Criminal Justice Should NEVER be Done at the Ballot Box

The area of criminal justice reform is too complex and the effects too severe to be decided at the ballot box.  This is especially prescient given our inability to change voter approved laws due to the Voter Protection Act.  The drafters of “Second Chances” included language to make it clear that the legislature may only expand the generous benefits provided to convicted felons, they are not allowed to roll them back.

Backers are sure to spend a lot of time talking about the “Victim and First Responder” fund that is set up by transferring money from revenues from medicinal marijuana under this measure. Which is fitting because the initiative is sure to lead to a lot more victims.

Ultimately, Arizonans would be wise to not invite more chaos into our state.  “Second Chances, Rehabilitation, and Public Safety Act” is not about justice and it is not about compassion.  It will damage public safety, harm victims and is a tool being used by the left to further promote their agenda. Voters would be wise to vote NO come November.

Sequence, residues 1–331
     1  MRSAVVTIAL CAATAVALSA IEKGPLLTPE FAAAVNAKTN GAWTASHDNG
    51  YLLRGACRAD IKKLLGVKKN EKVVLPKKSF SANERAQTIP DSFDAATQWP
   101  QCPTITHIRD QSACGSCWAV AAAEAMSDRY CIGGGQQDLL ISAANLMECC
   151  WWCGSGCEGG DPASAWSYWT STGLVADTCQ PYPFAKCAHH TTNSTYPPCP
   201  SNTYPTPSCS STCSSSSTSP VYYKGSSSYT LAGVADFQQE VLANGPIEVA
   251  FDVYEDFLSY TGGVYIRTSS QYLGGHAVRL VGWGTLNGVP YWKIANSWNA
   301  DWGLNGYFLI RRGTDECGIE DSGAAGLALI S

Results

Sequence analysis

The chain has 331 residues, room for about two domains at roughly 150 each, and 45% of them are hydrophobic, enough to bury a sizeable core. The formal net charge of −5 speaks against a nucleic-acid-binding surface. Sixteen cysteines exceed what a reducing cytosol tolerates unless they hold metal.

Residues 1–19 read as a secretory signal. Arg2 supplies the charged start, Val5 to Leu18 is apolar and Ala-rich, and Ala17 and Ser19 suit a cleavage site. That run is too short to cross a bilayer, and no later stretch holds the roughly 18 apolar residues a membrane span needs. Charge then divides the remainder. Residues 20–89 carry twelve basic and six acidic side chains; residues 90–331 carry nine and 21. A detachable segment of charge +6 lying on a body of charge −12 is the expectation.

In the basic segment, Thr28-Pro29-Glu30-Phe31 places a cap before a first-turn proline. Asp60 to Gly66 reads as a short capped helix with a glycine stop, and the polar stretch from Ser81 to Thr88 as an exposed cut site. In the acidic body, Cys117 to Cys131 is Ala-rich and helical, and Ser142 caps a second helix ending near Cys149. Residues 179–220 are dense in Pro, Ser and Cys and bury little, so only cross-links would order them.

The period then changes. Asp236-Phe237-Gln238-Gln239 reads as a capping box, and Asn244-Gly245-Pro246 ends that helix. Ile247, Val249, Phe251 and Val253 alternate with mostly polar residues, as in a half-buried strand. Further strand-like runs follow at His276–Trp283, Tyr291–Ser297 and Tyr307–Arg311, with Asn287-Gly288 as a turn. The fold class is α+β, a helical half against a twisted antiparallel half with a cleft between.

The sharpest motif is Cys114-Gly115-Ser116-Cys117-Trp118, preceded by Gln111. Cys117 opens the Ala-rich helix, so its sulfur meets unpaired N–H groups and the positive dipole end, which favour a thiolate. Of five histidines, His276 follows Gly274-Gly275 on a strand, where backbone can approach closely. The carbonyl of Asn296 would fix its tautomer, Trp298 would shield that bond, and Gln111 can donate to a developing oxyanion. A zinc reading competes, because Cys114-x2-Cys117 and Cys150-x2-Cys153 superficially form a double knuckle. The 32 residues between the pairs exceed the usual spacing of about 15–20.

Out of State Special Interests Continue to Dominate Arizona’s Initiative Process

When Arizona’s founding fathers sought to include a voter initiative process in Arizona’s constitution, the intended purpose was to provide regular citizens with a check against wealthy special interests and political insiders that often dominate the legislative process.

Yet it appears that the very system designed to curtail the influence of wealthy billionaires and the political establishment has been taken over by them. Even worse, the hijacking of the initiative process has been carried out primarily by out of state special interests parachuting into Arizona to buy their way onto the ballot box.  

In 2018, all of the high-profile ballot measures that qualified for the ballot were primarily funded by California billionaires and special interest groups. This campaign cycle is no different. Four initiatives appear to be on track to qualify for the November ballot. All four are being bankrolled by deep pocketed unions and liberal special interest groups from outside the state: